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EPA and Texas Declare Portion of Tex Tin Site "Ready for Reuse"
Release Date: 7/1/2003
Contact Information: For more information contact the Office of External Affairs at (214) 665-2200.
Today, the U.S. Environmental Protection Agency (EPA) and the state of Texas awarded the first Superfund "ready for reuse" determination in the nation for a portion of a former tin and copper smelter at a ceremony in Texas City, Texas.
Regional Administrator Richard E. Greene of EPA, Commissioner Kathleen Hartnett White of the Texas Commission on Environmental Quality (TCEQ) and Mayor Carlos Garza of Texas City signed the ready for reuse determination for operable unit 2 (OU2) of the Tex Tin Corporation Superfund site in Texas City.
Tex Tin's OU2 is owned by BP Amoco Chemical Company, which conducted the site cleanup. EPA and the TCEQ declared that BP Amoco's cleanup of OU2 was successful and ensures that the environmental conditions on this property are protective of its anticipated future use as an industrial property.
Greene said, "Today's 'ready for reuse' determination clears the way for redevelopment of this prime commercial real estate. For every acre of inner-city land reused, 4.5 acres of undeveloped 'greenspace' is preserved. We congratulate our partners in the state of Texas, Texas City and BP Amoco on this first Superfund 'ready for reuse' determination in the nation."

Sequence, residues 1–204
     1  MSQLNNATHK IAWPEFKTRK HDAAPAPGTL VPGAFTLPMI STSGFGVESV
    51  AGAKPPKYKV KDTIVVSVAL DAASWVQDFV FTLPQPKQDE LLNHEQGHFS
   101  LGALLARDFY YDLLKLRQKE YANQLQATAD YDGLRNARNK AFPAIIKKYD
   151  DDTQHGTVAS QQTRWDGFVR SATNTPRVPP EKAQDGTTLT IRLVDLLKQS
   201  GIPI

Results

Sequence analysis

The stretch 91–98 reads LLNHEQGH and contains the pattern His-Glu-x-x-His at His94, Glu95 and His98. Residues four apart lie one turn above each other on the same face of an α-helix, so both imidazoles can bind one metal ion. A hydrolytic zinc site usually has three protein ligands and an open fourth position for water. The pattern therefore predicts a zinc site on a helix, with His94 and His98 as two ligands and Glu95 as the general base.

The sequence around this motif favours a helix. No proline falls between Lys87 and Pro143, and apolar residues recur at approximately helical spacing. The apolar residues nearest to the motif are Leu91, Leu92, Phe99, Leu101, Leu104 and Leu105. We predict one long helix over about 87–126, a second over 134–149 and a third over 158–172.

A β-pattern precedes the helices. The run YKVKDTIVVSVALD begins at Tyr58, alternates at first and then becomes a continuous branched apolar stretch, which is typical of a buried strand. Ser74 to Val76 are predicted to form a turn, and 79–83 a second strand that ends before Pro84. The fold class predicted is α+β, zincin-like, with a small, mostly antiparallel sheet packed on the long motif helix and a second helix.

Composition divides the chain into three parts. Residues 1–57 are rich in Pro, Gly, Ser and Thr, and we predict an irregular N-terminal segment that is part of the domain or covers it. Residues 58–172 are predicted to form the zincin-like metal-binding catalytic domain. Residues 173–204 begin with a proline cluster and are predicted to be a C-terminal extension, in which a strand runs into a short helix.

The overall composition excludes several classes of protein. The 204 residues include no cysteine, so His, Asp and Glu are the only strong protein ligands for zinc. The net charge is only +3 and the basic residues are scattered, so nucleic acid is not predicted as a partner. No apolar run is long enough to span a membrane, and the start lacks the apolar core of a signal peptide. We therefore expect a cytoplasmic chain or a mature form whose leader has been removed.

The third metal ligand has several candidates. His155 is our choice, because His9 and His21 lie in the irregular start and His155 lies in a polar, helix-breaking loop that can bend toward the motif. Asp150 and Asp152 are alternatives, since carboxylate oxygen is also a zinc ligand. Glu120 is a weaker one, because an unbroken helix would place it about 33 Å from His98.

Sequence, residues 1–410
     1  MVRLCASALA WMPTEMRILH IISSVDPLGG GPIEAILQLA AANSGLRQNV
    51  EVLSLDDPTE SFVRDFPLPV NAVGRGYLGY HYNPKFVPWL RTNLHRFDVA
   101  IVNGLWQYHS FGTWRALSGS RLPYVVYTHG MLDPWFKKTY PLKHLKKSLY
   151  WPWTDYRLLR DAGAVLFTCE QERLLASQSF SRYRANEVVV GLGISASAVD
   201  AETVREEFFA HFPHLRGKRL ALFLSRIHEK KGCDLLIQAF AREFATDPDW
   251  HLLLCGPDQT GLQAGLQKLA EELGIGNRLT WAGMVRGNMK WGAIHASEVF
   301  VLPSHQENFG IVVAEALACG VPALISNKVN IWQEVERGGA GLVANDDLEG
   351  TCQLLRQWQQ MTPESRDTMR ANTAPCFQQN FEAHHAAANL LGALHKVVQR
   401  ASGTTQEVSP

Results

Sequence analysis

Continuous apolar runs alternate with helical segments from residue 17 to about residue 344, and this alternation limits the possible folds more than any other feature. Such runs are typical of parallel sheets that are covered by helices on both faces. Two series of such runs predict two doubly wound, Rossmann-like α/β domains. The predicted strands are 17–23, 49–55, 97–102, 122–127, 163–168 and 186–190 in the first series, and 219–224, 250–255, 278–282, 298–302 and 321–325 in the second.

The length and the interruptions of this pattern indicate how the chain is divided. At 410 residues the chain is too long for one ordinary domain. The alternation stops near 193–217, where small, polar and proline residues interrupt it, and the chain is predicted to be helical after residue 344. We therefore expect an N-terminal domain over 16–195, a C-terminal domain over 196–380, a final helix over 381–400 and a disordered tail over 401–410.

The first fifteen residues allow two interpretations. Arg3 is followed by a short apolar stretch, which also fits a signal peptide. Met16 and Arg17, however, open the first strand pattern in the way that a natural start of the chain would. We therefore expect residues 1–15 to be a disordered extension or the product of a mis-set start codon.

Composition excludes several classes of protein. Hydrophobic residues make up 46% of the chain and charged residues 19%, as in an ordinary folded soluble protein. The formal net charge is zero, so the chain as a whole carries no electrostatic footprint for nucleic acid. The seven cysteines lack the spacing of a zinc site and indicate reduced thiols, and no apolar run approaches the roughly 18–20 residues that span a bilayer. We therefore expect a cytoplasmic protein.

White said, "The designation of Tex Tin as safe for reuse is a significant environmental and economic boost to this area. It is an excellent example of how we can work together at the federal, state, and local level to ensure a cleaner Texas for generations to come."
Garza said, "I am very pleased that the BP Amoco property will be available for new economic development opportunities. There is very limited property zoned 'heavy-industry' in Texas City and this site should be very attractive for an expansion project or a new development."
Tex Tin, located near the intersection of State Highway 146 and FM 519, was an emergency tin supply plant built during World War II. It was operated and modified by a succession of companies until it closed in 1991 as a copper smelter. Over the years, industrial waste releases contaminated the entire 170-acre property.
More information about EPA's ready for reuse program is available at https://www.epa.gov/swerosps/rcrabf/r4rmain.htm. More information about the Tex Tin site is available at https://www.epa.gov/earth1r6/6sf/pdffiles/tex-tin.pdf. To read more about EPA's progress in protecting land, see the "Report on the Environment" at www.epa.gov/indicators.